I came back for Christmas Eve service, ready to now engage in celebration. I’ll admit, I could not tell you what was preached, or how I participated in the service. Or what was read. All I remember was communion. We shared communion and as I got up to serve, I saw the man who’d lost his bus pass, he was sitting in our sanctuary enjoying the Christmas Eve service singing along to the hymns. I saw him, and immediately after the service I ran back to the office and got his pass. I just knew I needed to get it back to him. What amazed me though, was his response to me. He started crying and he pulled me in for a hug and kept wishing me a Merry Christmas and was so thankful. I told him, it was no big deal, it was just a transit pass. But the look on his face showed that it was so much more. This pass was his saving grace. It was his salvation. He was in awe of it. For him, this allowed for him to get around town, but also if he needed a warm place, he could ride the train for a few hours. It could take him to a friend’s house. This pass was salvation.

Much like Simeon and Anna, he saw awe and wonder in the small things. There was amazement in a newborn child. There was amazement in a bus pass. Even though this year has been challenging and full of loss, there have also been so many signs of hope and excitement. In the past few weeks, seeing nurses and doctors getting COVID-19 vaccines, knowing there were people who’ve worked for the last 9 months to create a cure. It is awe inspiring. Witnessing the first woman of color being elected as vice president, is a big victory and for myself gives hope for more women in leadership to be taken seriously. From even the small moments of awe, of connecting with old friends or the generosity shown throughout this year, it is something to truly be thankful for. I know even on this Christmas Eve; in the frigid cold I was grateful for all who came out to the church and received communion. No, we didn’t dip any bread in the cup, but all were still welcomed at the table to receive the reminder of love and grace. And to hear the bells playing in the background, as families laughed with one another was awe inspiring. And for those who may not have been able to come out, simply seeing the comments and creative ways people chose to watch the service. From families each with individual candles lit from their couches to the comments of singing along to the familiar Christmas hymns. It was inspiring.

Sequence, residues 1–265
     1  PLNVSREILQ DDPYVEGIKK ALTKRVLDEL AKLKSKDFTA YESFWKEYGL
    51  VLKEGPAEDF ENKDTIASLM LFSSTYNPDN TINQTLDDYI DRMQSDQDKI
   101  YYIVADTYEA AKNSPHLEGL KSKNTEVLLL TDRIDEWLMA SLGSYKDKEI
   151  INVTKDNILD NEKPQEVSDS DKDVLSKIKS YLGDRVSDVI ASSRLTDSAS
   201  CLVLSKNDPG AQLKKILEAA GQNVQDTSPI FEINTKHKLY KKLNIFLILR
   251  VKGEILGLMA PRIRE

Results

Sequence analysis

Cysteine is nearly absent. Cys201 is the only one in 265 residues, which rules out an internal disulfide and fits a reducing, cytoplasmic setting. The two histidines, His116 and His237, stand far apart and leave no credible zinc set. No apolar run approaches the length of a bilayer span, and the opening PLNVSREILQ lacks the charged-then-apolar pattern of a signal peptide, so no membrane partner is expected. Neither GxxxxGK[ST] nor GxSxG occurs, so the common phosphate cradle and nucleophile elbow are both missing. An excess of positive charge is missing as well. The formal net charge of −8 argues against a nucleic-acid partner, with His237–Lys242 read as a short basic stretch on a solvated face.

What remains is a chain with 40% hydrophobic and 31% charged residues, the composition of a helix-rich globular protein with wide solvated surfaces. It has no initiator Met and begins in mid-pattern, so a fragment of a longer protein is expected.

There have been studies done on the effects of feeling in awe and they found when we feel this, we are more likely to be generous and help other people. So clearly there is something to this feeling of awe. It makes us more generous and loving, and so as Christmas approaches faster than we might have wanted, are we allowing ourselves to truly feel overwhelmed by greatness? Are we allowing for our hearts to be filled with such great love? Are we allowing ourselves to pause in the busyness and just allow for ourselves to be amazed by the world? To be amazed by someone we love and to give someone a chance, whom we might have turned away on another day? To be able to see the vastness and wonderfulness of God? Are we ready to be amazed?

May we know this baby came to bring good news to the poor, the oppressed, to tear down the old ways of the world, to bring about something new. To claim all people are welcomed in the family of God. To show there is hope in something new.

And so, even in these times, even when we are physically separated, even with dividing opinions, how are we seeing everyone with eyes like Simeon, saying “You are going to do amazing things.” And so, the question for you my friends, as we start the new year, as we continue searching for answers to the larger pandemic: where do you see salvation? Where do you find your saving grace? And where is the awe and amazement? Maybe to look to your neighbors. Maybe to look at your friends. Maybe it comes in the kindness and generosity of others. Maybe it comes in the form of a bus pass. But know this saving grace is one which comes from the love of God which was so great, God sent Jesus to be our example and guide. To be a baby born in a manger, who would inspire all, and who would bring about good news to the world. May you find awe this day and every day. Amen.